The next category is Neuralware, and this contains items that everyone has to buy to even use Cyberware. The Neural Processor has no benefit except it lets you use Cyberware. It costs 1000 eb (plus 500 in surgery) and 1d6 HC. It’s a boring character tax. Of bigger interest to Jamie is Boosterware. Boosterware provides a bonus to your initiative. This is a nerf from the 1st edition, where it increased Reflexes. Even in its current form this is a must-have for any combat character. There are two versions, and the game explicitly state that you can’t get both versions. The Kerenzikov Booster provides +1 to +2 all the time, and costs 1d6 Humanity per bonus (the high cost is from seeing the world in slow motion). The Sandevistan Speedware is flipped on as needed, providing +3 to initiative for 5 turns, after which it has to rest for 2 turns. This only has 1d6/2 HC since it’s not on all the time. Jamie is getting the Speedware (combat is not going to last more than 5 turns), which costs 1500 eb (no surgery cost).

Jamie is also going to get a pair of Interface Plugs. This is another gatekeeper that just lets you buy Chipware Socket and Neural links. The wording is a little weird, but the best I can interpret is that one pair can connect to two items that require the Plugs. Interface Plugs cost 200 eb (and 500 eb surgery), 1d6 HC. The Interface Plugs will be connected to a Smartgun Link (100eb/ 2HC, +1 to weapon skill for linked gun) and a Chipware Socket (200eb/ 1d6/2HC). The Chipware Socket alleviates some of the problems caused by CP2020’s skill bloat, because you can just slot in the skills you need (up to your INT score). There’s a big price list that gives the cost of different skills per point, and these chips go up to +3. The flavour text does a lot of poo-pooing of relying on chips, but because there are so many goddamn skills, and skill advancement is so slow, players are going to need these to fill out skills they only need some points in. Also, there’s no HC from using skill chips, and it’s something NPCs can just loan if a character is missing a critical skill for a mission. Jamie buys one skill chip, Weaponsmith +2 (400eb) so she can unjam her gun,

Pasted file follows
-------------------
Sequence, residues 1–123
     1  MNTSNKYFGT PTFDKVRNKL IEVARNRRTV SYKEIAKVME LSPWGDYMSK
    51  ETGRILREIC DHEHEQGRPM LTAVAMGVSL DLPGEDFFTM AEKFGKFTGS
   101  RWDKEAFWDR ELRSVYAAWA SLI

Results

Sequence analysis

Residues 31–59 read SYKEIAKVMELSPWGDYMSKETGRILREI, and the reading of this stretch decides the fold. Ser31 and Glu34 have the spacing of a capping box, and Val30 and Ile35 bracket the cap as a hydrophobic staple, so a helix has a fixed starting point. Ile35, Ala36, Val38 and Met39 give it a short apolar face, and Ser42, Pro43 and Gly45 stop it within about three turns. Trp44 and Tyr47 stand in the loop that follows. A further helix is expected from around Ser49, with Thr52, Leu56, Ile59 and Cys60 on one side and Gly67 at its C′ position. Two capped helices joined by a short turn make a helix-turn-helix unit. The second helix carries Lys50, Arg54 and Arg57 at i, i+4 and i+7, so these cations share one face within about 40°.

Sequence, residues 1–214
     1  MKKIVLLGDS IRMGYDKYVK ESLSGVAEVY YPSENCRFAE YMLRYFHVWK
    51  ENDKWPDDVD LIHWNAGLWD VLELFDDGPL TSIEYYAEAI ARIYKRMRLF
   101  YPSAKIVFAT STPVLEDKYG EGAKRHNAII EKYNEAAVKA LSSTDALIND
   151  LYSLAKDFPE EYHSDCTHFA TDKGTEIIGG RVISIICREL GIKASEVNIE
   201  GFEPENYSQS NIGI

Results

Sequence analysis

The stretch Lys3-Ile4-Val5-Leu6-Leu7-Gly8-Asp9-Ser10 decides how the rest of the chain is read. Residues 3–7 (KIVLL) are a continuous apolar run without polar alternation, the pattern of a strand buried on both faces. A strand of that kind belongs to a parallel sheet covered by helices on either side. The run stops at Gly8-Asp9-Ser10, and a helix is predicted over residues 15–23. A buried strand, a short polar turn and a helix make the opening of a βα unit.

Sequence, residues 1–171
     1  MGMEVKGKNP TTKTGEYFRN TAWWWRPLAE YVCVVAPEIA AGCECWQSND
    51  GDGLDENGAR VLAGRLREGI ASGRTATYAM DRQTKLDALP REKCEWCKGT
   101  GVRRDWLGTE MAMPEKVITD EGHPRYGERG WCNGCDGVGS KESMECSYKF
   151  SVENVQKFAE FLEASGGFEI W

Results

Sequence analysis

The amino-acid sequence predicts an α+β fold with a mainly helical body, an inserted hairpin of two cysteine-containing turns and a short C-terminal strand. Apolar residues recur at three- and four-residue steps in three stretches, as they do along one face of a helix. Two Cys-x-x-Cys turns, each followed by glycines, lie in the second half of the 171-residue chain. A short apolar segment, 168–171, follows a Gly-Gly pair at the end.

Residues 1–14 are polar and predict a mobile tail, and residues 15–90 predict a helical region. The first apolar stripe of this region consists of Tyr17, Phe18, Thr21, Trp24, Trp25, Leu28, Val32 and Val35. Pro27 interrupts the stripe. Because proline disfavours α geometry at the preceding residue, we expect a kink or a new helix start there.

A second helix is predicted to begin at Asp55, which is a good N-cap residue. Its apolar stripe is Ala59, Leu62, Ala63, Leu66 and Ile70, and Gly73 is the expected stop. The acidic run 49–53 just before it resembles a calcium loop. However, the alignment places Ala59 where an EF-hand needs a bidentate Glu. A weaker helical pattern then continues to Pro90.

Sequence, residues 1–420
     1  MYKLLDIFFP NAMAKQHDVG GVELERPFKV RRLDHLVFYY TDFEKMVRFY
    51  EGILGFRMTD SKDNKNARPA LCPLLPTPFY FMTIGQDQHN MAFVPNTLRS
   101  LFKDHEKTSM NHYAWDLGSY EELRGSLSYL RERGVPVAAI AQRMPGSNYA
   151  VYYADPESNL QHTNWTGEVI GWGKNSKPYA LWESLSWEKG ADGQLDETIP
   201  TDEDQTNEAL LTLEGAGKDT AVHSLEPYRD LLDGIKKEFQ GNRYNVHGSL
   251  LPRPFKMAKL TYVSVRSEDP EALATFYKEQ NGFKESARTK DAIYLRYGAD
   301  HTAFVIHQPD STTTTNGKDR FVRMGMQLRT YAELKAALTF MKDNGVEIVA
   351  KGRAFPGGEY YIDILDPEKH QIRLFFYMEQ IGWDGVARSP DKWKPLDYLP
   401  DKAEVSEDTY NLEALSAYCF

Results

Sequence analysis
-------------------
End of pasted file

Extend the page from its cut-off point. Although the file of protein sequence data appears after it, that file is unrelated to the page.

Besides the smartgun link, the only other Neural Links of note are the Vehicle Link (boosts vehicle skill), and the Cybermodem Link, which is what the Netrunner uses to do his Cyberhacking. The only other item here is the Pain Editor, which seems like it’d be useful to have in combat. Only its benefits are to make Endurance checks easier, and Endurance has nothing to do with combat. That seems like an oversight.

The next category is implants, which has a number of miscellaneous cyberware with situational usefulness. The only one that’s really notable is this is where we find Mr.StudTM Sexual Implant (or Midnight Lady for vagina-havers), which gives a +1 to seduction checks. But this cyberware also has a 2d6 HC, which means there’s a greater than 16% chance that the bonus from Mr.Stud is wiped out by the EMP penalty you take from getting it installed.

After Implants we get the category where you get the most bang for your Eurobuck: Bioware, aka Nanomachines son. Jamie is going to be buying a couple of items from this category. The first one is Skinweave. It costs 2000 eb and 2d6 HC, and gives her 12 SP to her entire body. The other item she gets (and the one I’d have left off if I counted surgery costs) is the Muscle and Bone Lace, (1500 eb/ 1d6/2 HC) which increases her Body Stat by 2, putting it at 12. This increase also boosts her BTM to -5.

Aside from those two items, there’s grafted muscles, which can be combined with Muscle/Bone Lace but have a higher HC (turning into a Rob Liefeld character would shatter anyone’s mind). There are items that improve healing times, though not enough to circumvent hospital downtime. Finally, Toxin Binders provide a +4 bonus to poison saves, which is a big bonus if situational-if the Referee uses poisons once then expect every player to get this ASAP.

Next we have Cyberweapons, which have pretty hefty HC costs. Cyberweapons use the Melee skill. You have various grades of claws on hand, from hardened nails to Wolverine Cosplay. There’s also hardened knuckles and a mono-filament wire. All these items (except the hardened nails) are black market only. The one interesting item is the Cybersnake. While it doesn’t do a lot of damage, it can attack independently. It’s either implanted in the shoulder or “any body orifice 1” or larger” .

The next few categories of cyberware - optics, audio, arms and legs - are modular. You install a base module and then add 4 to 6 options. A cybereye costs 500eb/2d6 HC each, and you can have 4 options per eye. As I said in the previous chapter, there’s no point to these when you can get Smartgoggles, unless you can convince the Referee that if you get the Targeting Scope in both eyes it gives you a +2 to your weapon skill. CyberAudio is 500eb/2d6, and has room for 6 options. Nothing really sexy unless you want to be able to hear everything.